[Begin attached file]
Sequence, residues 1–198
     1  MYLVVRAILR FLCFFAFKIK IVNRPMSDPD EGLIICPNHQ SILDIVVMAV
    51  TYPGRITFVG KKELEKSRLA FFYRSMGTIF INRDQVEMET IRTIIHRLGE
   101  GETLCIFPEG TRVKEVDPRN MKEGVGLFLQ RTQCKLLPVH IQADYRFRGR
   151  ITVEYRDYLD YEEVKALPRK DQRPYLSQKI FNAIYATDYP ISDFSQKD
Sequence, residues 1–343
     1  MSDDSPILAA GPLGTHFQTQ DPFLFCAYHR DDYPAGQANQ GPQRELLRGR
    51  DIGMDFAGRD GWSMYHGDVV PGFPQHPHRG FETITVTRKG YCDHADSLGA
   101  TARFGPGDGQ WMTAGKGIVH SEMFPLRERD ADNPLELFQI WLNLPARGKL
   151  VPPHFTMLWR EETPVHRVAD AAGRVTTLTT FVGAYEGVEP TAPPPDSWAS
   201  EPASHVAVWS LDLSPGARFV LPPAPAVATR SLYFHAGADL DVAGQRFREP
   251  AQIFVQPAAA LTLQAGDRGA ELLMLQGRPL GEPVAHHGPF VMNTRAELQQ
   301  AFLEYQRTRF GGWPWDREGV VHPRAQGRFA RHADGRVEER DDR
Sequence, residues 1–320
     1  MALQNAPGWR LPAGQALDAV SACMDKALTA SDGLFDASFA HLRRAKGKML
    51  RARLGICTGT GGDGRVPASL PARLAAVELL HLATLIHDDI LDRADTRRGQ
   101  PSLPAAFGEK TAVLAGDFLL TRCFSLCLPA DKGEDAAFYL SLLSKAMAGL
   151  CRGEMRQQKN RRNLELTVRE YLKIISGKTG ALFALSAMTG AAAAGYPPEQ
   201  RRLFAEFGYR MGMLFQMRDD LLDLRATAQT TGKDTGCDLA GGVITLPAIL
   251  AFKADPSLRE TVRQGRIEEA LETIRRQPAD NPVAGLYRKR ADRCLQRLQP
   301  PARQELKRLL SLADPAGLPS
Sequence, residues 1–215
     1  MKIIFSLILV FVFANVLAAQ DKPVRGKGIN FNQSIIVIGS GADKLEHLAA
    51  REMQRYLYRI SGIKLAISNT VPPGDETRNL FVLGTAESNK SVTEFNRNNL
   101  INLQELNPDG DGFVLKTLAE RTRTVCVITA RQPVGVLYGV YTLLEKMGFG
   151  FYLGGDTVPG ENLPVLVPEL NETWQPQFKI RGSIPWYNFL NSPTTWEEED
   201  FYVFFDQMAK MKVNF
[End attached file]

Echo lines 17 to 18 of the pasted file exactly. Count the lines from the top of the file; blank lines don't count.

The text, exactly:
   101  PSLPAAFGEK TAVLAGDFLL TRCFSLCLPA DKGEDAAFYL SLLSKAMAGL
   151  CRGEMRQQKN RRNLELTVRE YLKIISGKTG ALFALSAMTG AAAAGYPPEQ